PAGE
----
New Linguistic Forensics Of Statement Ordered In Tajik MMA Fighter's Trial

By RFE/RL's Tajik Service

DUSHANBE -- A court in Tajikistan has ordered new linguistic forensics into a video statement by a noted mixed-martial-arts (MMA) fighter from the Gorno-Badakhshan Autonomous Region.

The court's decision was announced as the trial of Chorshanbe Chorshanbiev, who is charged with making online calls for forced change of the Central Asian country's constitutional order, resumed inside a detention center in Dushanbe on March 29.

The charge against the athlete and blogger stems from a video statement he made in the wake of violent protests in Gorno-Badakhshan's capital, Khorugh, that broke out in November 2021 after security forces fatally wounded a local man wanted on charges of kidnapping.

In his video statement, Chorshanbiev condemned the actions of security forces that led to the death of the man and called on Tajiks "and all the peoples of the country to rise against injustice, unjust deaths of innocent people."

The court decided to send Chorshanbiev's video statement for additional linguistic studies after expert Yelizaveta Koltunova of the Institute of Linguistics and Journalism in the Russian city of Nizhny Novgorod testified that Chorshanbiev's statement did not contain any "psychosocial or linguistic elements of calls for violence, including disruption of the foundations of the society and state."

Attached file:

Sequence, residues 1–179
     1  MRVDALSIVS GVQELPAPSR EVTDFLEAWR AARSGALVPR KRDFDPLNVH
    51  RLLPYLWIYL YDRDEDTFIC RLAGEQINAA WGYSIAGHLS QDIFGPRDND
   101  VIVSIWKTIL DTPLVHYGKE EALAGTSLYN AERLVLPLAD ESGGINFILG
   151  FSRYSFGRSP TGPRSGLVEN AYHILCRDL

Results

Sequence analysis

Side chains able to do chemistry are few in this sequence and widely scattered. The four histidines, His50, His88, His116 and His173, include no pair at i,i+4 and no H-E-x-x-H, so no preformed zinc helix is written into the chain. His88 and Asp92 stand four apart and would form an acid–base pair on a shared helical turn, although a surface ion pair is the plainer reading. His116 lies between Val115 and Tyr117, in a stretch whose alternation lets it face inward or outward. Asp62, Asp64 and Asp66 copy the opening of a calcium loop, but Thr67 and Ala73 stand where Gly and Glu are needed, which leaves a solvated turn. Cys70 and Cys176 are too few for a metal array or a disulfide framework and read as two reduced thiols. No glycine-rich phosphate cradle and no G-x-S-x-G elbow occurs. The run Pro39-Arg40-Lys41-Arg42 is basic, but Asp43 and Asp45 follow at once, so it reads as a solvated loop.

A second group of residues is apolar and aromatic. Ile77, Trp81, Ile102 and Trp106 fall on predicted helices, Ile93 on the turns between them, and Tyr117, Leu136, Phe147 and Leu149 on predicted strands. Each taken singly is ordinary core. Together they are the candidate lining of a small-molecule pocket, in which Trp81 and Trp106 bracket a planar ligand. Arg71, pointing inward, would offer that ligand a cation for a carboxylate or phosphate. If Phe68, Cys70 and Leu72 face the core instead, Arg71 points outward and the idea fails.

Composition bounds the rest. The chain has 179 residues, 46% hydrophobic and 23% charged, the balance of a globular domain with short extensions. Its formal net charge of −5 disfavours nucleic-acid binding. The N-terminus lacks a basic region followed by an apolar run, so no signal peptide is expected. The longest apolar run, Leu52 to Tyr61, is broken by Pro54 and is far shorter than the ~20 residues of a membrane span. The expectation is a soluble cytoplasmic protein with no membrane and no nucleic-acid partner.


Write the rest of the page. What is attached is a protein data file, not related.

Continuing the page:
The 26-year-old native of Gorno-Badakhshan, who prefers to identify himself not as a Tajik, but as a Pamiri, was arrested in late December when he arrived in Dushanbe from Russia, where he had lived for many years but been deported over a traffic violation last year.

If convicted, Chorshanbiev would face up to 15 years in prison.

The rallies in Khorugh in November lasted for several days as thousands of local residents demanded justice for the man killed by security forces.

Protests are rare in the tightly controlled state of 9.5 million, where President Emomali Rahmon has ruled for nearly three decades.

Tensions between the government and residents of the nominally autonomous Gorno-Badakhshan region have simmered ever since a five-year civil war broke out shortly after the collapse of the Soviet Union in 1991.

A linguistically and ethnically distinct region, Gorno-Badakhshan has been home to rebels who fought government forces during the conflict.